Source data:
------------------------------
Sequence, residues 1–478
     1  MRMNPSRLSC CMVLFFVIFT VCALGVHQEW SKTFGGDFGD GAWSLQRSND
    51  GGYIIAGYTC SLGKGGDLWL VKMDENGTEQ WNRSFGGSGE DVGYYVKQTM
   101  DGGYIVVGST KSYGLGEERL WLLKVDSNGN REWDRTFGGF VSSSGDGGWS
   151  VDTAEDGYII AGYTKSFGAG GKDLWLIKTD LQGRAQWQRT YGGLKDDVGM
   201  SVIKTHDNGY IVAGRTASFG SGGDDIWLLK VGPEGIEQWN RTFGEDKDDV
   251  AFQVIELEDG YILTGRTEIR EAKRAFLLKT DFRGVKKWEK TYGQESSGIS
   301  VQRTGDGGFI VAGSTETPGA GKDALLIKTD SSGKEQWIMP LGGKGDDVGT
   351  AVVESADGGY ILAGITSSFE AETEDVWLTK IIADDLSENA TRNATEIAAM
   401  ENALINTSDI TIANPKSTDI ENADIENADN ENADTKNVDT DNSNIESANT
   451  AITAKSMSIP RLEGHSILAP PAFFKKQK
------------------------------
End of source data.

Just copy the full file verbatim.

Sequence, residues 1–478
     1  MRMNPSRLSC CMVLFFVIFT VCALGVHQEW SKTFGGDFGD GAWSLQRSND
    51  GGYIIAGYTC SLGKGGDLWL VKMDENGTEQ WNRSFGGSGE DVGYYVKQTM
   101  DGGYIVVGST KSYGLGEERL WLLKVDSNGN REWDRTFGGF VSSSGDGGWS
   151  VDTAEDGYII AGYTKSFGAG GKDLWLIKTD LQGRAQWQRT YGGLKDDVGM
   201  SVIKTHDNGY IVAGRTASFG SGGDDIWLLK VGPEGIEQWN RTFGEDKDDV
   251  AFQVIELEDG YILTGRTEIR EAKRAFLLKT DFRGVKKWEK TYGQESSGIS
   301  VQRTGDGGFI VAGSTETPGA GKDALLIKTD SSGKEQWIMP LGGKGDDVGT
   351  AVVESADGGY ILAGITSSFE AETEDVWLTK IIADDLSENA TRNATEIAAM
   401  ENALINTSDI TIANPKSTDI ENADIENADN ENADTKNVDT DNSNIESANT
   451  AITAKSMSIP RLEGHSILAP PAFFKKQK